We talk a little bit about “dynamics” in music – the way a song goes from a quiet verse to a powerful chorus and so on, and I wonder if he’s sees similarities with this and prose writing? “Absolutely. There’s a rise and fall within the song itself. And then, when you’re playing a show, there’s a rise and fall. You can’t have a show at 80%, you can’t have a show at 20% but you can go all over and in between those things and do something much more effective. I think, in stories too … in a scene there has to be a rise and fall. And then, you string that together with another and another to such a degree of variation that it never becomes obvious that there’s any kind of pattern to that.”

“I think we’ve all been to shows where nothing gets too much and it’s fine, it’s nice, you know? If aliens came down to Earth and said “What’s music?” you’d say, “Well, that’s music”. But, the human part of it – where things fall apart and then come back together – that’s transcendent, I think. And if you get the right combination of songs together and everybody plays well and the audience is ready to get involved, that can be a great experience. And I think that’s true of writing too. If it’s accepted in the spirit that you offer it then things have a really good chance to be very cool.”

So, performing is almost like taking on a different persona? “Yeah, you have the chance to become this person you want to be over that period of time. And writing is similar to that. You have this chance to slip the surly bonds and become this person that you need. And I love that.”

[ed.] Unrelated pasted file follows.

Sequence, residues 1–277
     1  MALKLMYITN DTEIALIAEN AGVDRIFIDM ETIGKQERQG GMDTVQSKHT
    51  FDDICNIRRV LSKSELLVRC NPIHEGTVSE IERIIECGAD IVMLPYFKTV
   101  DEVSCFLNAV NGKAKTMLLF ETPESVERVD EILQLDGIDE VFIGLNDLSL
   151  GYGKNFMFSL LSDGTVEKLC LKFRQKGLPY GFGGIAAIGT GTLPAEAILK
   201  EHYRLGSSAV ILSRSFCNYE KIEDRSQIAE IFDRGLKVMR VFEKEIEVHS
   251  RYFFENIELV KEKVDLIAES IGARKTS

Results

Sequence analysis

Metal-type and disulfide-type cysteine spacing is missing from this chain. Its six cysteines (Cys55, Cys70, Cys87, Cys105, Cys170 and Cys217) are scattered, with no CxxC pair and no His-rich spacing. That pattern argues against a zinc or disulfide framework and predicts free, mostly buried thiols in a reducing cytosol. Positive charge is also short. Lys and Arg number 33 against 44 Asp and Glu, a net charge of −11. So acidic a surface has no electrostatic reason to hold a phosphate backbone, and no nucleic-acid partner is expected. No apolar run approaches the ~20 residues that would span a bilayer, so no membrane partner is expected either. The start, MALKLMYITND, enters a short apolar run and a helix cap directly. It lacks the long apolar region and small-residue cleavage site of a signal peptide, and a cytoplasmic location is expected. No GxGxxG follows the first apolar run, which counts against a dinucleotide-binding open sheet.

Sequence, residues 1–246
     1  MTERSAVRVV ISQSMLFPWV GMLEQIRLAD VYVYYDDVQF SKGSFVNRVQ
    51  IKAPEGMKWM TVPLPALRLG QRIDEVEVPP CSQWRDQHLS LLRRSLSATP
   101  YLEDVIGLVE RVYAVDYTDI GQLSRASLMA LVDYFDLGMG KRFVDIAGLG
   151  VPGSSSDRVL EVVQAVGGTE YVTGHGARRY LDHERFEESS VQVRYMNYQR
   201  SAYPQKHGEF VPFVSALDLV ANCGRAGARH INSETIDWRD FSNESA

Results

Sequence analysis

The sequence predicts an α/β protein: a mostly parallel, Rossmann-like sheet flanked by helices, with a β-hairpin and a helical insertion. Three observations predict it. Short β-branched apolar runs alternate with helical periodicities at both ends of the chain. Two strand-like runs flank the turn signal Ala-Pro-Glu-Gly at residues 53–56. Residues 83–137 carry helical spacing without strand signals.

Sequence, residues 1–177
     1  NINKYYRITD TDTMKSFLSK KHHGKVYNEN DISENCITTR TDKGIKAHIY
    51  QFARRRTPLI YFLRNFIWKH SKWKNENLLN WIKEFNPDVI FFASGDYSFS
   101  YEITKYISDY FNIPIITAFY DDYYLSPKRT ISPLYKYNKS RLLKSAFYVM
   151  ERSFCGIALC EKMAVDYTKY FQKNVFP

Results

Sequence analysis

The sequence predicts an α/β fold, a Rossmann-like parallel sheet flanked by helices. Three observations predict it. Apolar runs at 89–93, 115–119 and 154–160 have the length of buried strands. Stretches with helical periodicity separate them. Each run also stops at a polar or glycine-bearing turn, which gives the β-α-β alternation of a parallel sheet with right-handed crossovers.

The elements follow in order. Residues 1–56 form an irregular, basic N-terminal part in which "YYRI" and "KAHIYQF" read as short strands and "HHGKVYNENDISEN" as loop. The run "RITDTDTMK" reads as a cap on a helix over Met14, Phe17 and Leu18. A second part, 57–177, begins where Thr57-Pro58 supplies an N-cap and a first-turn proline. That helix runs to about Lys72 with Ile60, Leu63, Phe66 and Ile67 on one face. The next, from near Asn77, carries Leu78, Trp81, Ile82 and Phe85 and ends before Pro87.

Some musicians have no problem performing a song, but are terrified of public speaking. How does he feel about doing readings? “It’s not like a show … well, it is a show but the feelings I get … I get totally petrified. I think the readings are somewhat similar to my feelings about busking. I’ve talked with Glen [Hansard, lead singer of The Frames] a bunch of times about busking and, you know, he loves it, he grew up doing it. And I think that could not be more terrifying. For some reason, it scares the hell out of me. I didn’t realise that that’s how it was when I started reading. But with that comes this cool thing that, at readings, you can do anything. You can talk to people and have a much more free and open exchange than at a show. And I know in Ireland, that’s gonna be great because people are never afraid to tell you what they’re thinking. It’s gonna be fun.”

So what’s next for Josh Ritter? “I just finished my new recording so I’m pretty psyched about that. And I’m about halfway through my new book. So, everything’s boiling. I’m deep in the book still so I think it’ll be the album first.”

About the author

(c) Derek Flynn June 2012

Ritter’s debut novel, Bright’s Passage, is the story of Henry Bright, newly returned to West Virginia from the battlefields of the First World War. Grief struck by the death of his young wife and confronted by the destruction of the only home he’s ever known, Bright is soon cast adrift. His only hope is the angel who followed him to Appalachia from the trenches of France and who now guides him and his young son towards uncertain salvation.

With the same dark wit and unique imagination that characterises his songs, Bright’s Passage is an assured and arresting debut from a bright new literary talent.

For more information on Josh Ritter’s events in Ireland, visit

Derek Flynn is a singer song writer who also writes novels, he blogs at Rant With Occasional Music and released his debut CD Do You Dream At Allearlier this year with a live performance on RTE One. As well as being published in the “Write for the Fight” anthology, Derek was also recently short-listed by RTE (Ireland’s national broadcaster) for a writing position on a children’s drama series; he came first place runner-up in the J. G. Farrell Award for Best Novel-In-Progress and has received a number of arts bursaries. He graduated from Dublin City University with a First Class Honours Degree in English Literature.

Derek is also very active online with a blog called “Rant, with Occasional Music” at which has received over 30,000 hits. He is also very active on Twitter where he has over 4,000 followers.

Subscribe to our newsletter

Get all of the latest from delivered directly to your inbox.

Featured books